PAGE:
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Common Authentication Technology Overview (RFC1511) Disclosure Number: IPCOM000002341D
Original Publication Date: 1993-Sep-01
Included in the Prior Art Database: 2000-Sep-12
Document File: 2 page(s) / 4K

Publishing Venue

Internet Society Requests For Comment (RFCs)

Related People



Status of this Memo

This text was extracted from a ASCII document.
This is the abbreviated version, containing approximately 69% of the total text.

Network Working Group J. Linn

Request for Comments: 1511 Geer Zolot Associates

September 1993

Common Authentication Technology Overview

Status of this Memo

This memo provides information for the Internet community. It does

not specify an Internet standard. Distribution of this memo is



The IETF's Common Authentication Technology (CAT) working group has

pursued, and continues to pursue, several interrelated activities,

involving definition of service interfaces as well as protocols. As

a goal, it has sought to separate security implementation tasks from

integration of security data elements into caller protocols, enabling

those tasks to be partitioned and performed separately by

implementors with different areas of expertise. This strategy is

intended to provide leverage for the IETF community's security-

oriented resources (by allowing a single security implementation to

be integrated with, and used by, multiple caller protocols), and to

allow protocol implementors to focus on the functions that their

protocols are designed to provide rather than on characteristics of

particular security mechanisms (by defining an abstract service which

multiple mechanisms can realize).

The CAT WG has worked towards agreement on a common service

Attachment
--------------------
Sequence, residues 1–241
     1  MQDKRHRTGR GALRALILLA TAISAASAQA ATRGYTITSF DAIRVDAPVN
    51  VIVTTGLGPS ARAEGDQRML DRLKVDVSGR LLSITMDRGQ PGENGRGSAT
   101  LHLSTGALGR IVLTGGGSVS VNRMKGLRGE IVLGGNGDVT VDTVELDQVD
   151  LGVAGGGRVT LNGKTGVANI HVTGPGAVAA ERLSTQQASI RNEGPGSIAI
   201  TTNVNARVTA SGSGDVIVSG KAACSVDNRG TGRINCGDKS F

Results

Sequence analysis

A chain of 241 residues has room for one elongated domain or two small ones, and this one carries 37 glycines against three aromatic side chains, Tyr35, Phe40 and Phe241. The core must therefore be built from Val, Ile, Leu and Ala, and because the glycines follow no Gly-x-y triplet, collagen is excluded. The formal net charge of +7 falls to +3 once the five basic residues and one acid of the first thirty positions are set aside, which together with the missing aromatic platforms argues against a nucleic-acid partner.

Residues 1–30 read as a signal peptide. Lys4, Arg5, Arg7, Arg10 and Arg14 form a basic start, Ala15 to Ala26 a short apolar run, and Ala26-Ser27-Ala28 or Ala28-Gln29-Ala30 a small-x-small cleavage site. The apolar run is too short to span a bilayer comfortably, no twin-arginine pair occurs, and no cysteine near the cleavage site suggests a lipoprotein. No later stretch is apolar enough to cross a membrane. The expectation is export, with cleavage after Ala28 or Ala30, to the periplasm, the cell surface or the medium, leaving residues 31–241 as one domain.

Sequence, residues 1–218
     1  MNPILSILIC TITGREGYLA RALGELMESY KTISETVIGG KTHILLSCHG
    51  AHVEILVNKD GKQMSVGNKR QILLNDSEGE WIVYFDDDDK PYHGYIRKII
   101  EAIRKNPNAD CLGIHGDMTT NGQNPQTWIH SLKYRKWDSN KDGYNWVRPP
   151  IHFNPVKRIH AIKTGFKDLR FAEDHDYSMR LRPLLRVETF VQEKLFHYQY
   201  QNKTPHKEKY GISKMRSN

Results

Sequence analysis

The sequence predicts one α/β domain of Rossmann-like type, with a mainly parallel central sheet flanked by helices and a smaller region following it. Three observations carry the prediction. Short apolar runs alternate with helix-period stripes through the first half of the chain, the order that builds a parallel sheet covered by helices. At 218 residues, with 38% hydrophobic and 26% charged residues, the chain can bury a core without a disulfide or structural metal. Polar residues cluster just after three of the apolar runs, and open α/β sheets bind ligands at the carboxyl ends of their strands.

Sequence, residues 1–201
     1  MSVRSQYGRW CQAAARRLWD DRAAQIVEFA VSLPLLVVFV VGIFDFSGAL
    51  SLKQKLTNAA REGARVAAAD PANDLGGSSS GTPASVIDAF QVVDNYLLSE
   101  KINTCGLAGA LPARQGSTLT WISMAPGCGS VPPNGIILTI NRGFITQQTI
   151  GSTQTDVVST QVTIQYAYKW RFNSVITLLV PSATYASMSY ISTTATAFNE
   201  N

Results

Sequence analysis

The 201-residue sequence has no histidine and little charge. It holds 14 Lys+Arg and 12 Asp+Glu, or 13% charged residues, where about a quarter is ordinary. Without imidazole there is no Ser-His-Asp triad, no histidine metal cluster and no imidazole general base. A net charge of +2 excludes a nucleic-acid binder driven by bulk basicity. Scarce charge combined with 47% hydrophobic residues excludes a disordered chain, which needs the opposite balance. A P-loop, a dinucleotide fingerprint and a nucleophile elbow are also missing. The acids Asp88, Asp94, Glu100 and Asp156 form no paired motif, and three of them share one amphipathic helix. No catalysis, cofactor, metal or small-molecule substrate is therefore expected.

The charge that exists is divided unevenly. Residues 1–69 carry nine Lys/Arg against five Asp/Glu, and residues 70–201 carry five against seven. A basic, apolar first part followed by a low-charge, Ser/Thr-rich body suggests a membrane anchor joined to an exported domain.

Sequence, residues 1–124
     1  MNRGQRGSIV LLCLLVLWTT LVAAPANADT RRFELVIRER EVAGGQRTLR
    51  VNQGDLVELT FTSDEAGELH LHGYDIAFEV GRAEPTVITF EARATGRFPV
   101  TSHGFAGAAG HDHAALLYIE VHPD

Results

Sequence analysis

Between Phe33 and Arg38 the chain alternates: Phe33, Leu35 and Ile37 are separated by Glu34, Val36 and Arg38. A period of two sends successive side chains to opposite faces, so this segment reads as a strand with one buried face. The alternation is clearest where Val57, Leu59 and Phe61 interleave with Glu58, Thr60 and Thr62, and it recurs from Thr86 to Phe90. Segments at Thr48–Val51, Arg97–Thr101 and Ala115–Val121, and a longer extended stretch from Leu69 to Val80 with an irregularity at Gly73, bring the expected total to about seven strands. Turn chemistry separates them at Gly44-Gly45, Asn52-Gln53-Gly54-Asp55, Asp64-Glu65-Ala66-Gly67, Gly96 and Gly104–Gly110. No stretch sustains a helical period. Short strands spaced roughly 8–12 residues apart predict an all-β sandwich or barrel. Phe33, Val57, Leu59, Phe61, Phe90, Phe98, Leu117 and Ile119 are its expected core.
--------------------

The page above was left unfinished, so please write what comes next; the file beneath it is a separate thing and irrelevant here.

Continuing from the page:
interface, (the Generic Security Service Application Program

Interface, or GSS-API), allowing callers to invoke security

functions, and also towards agreement on a common security token

format incorporating means to identify the mechanism type in

conjunction with which security data elements should be interpreted.

The GSS-API, comprising a mechanism-independent model for security

integration, provides authentication services (peer entity

authentication) to a variety of protocol callers in a manner which

insulates those callers from the specifics of underlying security

mechanisms. With certain underlying mechanisms, per-message

protection facilities (data origin authentication, data integrity,

and data confidentiality) can also be provided. This work is

represented in a pair of RFCs: RFC-1508 (GSS-API) and RFC-1509

(concrete bindings realizing the GSS-API for the C language).

Concurrently, the CAT WG has worked on agreements on underlying

security technologies, and their associated protocols, implementing

the GSS-API model. Definitions of two candidate mechanisms are

currently available as Internet specifications; development of

additional mechanisms is anticipated. R...